Skip to main content
Language Development and Scaffolding in a Sino-American Telecollaborative Project
Language Learning & Technology (2013)
  • Li Jin
Previous research (e.g. Belz & Thorne, 2006; Ware & O’Dowd, 2008) has discovered that language learning can be afforded through intercultural telecollaboration. From a sociocultural theoretical perspective, the current study investigated the language development outcomes and process in a 10-week Sino-American telecollaborative project involving 10 college-level American learners of Mandarin Chinese and their respective native Chinese partner from China. The findings show that American learners’ production quantity in Mandarin Chinese increased steadily throughout the project whereas the quality of their production didn’t improve as rapidly. They also self-reported gains in age-appropriate cultural information, reading ability, and expanded vocabulary. The analysis shows the gains can be attributed to the scaffolding conditions (van Lier, 1996, 2004) that focused on friendship building and idea sharing in Mandarin Chinese and were specifically manifested in the operation of intersubjectivity, contingent help and handover by both American learners and their Chinese partners throughout the project. Possible underlying reasons for the unbalanced focus on form versus on meaning in the project were discussed. Based on the findings, pedagogical suggestions are provided to enhance the learning conduciveness of email-based intercultural telecollaborative projects, particularly those involving participants from oriental cultures.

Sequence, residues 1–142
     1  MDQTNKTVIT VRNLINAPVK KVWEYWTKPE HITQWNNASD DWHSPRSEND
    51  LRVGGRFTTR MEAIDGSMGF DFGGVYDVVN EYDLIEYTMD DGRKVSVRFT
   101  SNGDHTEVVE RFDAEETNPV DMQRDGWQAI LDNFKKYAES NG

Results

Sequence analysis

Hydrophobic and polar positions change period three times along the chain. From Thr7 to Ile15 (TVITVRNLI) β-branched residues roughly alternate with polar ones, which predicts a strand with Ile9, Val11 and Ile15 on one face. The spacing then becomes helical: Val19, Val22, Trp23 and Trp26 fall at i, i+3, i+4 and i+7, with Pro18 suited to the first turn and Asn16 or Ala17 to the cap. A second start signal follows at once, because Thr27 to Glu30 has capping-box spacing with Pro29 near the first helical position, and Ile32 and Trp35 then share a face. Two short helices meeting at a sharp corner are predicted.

• Sino-American Telecollaboration,
  • Language Development,
  • Sociocultural Theory (SCT),
  • Scaffolding,
  • Intersubjectivity,
  • Contingency,
  • Handover
Publication Date
June, 2013
Citation Information
Li Jin. "Language Development and Scaffolding in a Sino-American Telecollaborative Project" Language Learning & Technology Vol. 17 Iss. 2 (2013)
Available at: